Fruita opts out of Main Street program
It may come as no surprise that the city that throws an annual party in memory of a headless chicken would opt out of a program to make its downtown like other towns.
Fruita had been enrolled in the Department of Local Affairs Main Street Program, but a local committee designed to take a closer look at the tenets of the program recommended to city councilors that it was not for them.
City councilors agreed during their meeting Tuesday night.
“The Main Street program is great but we’re ready to fly this out on our own a little bit,” said Jeannine Purser, a member of the downtown committee looking into the issue.
Separating themselves from the program would not exclude Fruita from receiving any energy impact grants from the local affairs department, grants that cities across the Western Slope rely on for funding infrastructure and any number of projects.
The department’s Main Street program is intended to revitalize downtowns with an emphasis on historic preservation.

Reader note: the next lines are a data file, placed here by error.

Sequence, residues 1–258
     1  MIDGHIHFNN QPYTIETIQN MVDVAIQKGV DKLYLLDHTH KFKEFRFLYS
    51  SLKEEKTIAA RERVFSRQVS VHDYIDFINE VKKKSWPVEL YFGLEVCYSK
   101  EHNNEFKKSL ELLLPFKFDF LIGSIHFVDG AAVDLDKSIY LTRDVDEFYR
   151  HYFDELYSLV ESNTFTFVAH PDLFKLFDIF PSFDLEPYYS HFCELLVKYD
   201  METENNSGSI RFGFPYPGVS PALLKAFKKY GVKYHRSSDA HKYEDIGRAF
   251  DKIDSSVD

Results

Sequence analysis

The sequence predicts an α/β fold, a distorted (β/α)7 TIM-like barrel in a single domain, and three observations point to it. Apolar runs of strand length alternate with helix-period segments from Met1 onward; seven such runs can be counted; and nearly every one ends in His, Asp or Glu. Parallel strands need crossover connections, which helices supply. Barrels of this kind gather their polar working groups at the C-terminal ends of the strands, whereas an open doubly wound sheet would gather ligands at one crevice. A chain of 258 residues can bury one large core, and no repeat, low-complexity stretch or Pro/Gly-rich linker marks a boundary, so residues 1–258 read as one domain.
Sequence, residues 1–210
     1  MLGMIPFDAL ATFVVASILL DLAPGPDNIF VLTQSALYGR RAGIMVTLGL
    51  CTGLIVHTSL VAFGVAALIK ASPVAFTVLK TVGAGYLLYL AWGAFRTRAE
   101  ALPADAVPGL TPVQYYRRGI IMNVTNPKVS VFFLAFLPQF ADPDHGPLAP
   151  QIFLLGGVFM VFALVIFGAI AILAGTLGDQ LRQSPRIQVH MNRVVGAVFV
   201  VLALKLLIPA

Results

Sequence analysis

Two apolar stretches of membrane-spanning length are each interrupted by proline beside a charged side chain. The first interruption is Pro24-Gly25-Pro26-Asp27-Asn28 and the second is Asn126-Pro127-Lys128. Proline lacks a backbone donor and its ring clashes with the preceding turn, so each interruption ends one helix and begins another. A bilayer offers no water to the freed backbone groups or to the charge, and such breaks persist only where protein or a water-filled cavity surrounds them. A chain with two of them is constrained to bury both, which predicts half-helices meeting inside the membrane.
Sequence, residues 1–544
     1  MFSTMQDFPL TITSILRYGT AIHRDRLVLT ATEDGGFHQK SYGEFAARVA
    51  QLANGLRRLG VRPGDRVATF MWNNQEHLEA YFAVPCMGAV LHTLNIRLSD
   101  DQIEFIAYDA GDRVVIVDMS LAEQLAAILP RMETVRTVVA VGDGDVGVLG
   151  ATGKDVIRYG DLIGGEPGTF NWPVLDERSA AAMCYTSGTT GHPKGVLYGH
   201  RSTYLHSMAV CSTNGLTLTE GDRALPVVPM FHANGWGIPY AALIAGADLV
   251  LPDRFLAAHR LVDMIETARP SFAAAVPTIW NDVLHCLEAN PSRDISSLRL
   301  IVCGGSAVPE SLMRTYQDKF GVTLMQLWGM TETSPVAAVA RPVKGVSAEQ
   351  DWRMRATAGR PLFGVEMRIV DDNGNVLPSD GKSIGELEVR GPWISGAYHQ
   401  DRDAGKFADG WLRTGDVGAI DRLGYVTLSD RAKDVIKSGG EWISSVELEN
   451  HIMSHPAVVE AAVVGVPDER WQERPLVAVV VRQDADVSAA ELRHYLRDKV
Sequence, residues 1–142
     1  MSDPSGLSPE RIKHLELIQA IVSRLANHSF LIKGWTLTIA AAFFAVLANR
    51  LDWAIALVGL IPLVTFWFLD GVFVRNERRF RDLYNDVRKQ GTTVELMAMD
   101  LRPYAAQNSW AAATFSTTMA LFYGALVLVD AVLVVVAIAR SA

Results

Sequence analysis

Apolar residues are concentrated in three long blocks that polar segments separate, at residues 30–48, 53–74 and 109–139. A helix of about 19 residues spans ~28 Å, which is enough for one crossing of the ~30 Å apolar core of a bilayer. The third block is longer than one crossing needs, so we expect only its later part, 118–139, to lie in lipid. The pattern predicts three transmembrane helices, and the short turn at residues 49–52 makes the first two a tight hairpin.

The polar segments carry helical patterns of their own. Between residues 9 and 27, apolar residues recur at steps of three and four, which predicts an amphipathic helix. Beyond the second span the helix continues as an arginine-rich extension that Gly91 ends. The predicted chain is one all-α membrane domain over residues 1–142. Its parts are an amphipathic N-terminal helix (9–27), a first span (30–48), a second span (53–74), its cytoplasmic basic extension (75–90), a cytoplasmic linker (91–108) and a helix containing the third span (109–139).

Other locales that have taken advantage of the program include Steamboat Springs, Rifle, Lyons and Ridgway.
Purser said members of the downtown advisory committee already felt like downtown Fruita is revitalized, and enrollment in the program would be constricting with its deadlines and other requirements.
Fruita already somewhat took advantage of the department’s Main Street program in the past two years by utilizing a $6,000 grant in 2012 to improve the electrical system in Circle Park. Last year, the city engaged in a project to place historic photographs of buildings and street scenes along the city’s downtown Aspen Street.
Purser said the advisory group agreed with most of the concepts of the Main Street program, and the group will use those examples.
However, other ideas weren’t as original as group members would have liked, she said.
“The board felt it took a little bit of the freedom and authenticity out of the process,” Purser said.